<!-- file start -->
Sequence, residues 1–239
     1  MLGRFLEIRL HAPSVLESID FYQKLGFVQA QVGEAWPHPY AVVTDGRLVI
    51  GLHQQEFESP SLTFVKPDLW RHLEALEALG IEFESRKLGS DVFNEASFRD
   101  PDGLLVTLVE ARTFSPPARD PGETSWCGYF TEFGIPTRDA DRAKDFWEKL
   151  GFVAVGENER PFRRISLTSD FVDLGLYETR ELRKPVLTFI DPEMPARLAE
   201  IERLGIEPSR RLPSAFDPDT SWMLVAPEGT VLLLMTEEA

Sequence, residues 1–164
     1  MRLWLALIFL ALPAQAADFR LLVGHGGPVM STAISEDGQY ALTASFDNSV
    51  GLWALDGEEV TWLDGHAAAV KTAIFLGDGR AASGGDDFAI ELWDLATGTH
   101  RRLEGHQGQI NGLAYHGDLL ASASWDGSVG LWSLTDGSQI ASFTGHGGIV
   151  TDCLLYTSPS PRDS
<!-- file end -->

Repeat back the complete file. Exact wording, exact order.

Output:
Sequence, residues 1–239
     1  MLGRFLEIRL HAPSVLESID FYQKLGFVQA QVGEAWPHPY AVVTDGRLVI
    51  GLHQQEFESP SLTFVKPDLW RHLEALEALG IEFESRKLGS DVFNEASFRD
   101  PDGLLVTLVE ARTFSPPARD PGETSWCGYF TEFGIPTRDA DRAKDFWEKL
   151  GFVAVGENER PFRRISLTSD FVDLGLYETR ELRKPVLTFI DPEMPARLAE
   201  IERLGIEPSR RLPSAFDPDT SWMLVAPEGT VLLLMTEEA

Sequence, residues 1–164
     1  MRLWLALIFL ALPAQAADFR LLVGHGGPVM STAISEDGQY ALTASFDNSV
    51  GLWALDGEEV TWLDGHAAAV KTAIFLGDGR AASGGDDFAI ELWDLATGTH
   101  RRLEGHQGQI NGLAYHGDLL ASASWDGSVG LWSLTDGSQI ASFTGHGGIV
   151  TDCLLYTSPS PRDS